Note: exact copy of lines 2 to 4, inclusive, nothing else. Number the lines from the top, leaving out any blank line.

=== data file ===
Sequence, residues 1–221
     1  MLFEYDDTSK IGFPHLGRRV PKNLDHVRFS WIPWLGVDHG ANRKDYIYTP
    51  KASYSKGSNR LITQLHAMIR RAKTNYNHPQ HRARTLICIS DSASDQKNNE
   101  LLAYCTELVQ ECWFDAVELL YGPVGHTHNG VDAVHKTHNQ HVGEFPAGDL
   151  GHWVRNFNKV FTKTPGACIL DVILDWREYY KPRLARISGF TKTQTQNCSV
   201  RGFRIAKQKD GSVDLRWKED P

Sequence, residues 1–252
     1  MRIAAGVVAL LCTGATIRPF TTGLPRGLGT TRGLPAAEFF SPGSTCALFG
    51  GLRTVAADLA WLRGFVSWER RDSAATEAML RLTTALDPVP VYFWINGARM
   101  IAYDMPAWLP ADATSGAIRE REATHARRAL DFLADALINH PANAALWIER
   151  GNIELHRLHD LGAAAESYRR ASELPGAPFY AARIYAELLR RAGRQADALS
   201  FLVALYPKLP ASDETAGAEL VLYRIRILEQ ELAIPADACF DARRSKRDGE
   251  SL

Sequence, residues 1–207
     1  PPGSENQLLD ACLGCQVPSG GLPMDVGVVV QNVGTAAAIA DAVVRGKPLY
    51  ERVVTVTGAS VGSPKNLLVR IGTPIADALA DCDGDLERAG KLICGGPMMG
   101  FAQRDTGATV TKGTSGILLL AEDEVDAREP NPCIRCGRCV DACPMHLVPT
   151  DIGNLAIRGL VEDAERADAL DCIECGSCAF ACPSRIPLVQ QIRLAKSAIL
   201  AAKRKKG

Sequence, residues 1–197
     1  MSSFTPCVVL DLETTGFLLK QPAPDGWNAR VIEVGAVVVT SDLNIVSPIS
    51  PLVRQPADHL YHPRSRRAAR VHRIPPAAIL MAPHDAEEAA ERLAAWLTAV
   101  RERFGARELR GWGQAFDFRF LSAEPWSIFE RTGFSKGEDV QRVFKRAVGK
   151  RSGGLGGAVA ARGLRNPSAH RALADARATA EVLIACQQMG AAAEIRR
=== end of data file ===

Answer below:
     1  MLFEYDDTSK IGFPHLGRRV PKNLDHVRFS WIPWLGVDHG ANRKDYIYTP
    51  KASYSKGSNR LITQLHAMIR RAKTNYNHPQ HRARTLICIS DSASDQKNNE
   101  LLAYCTELVQ ECWFDAVELL YGPVGHTHNG VDAVHKTHNQ HVGEFPAGDL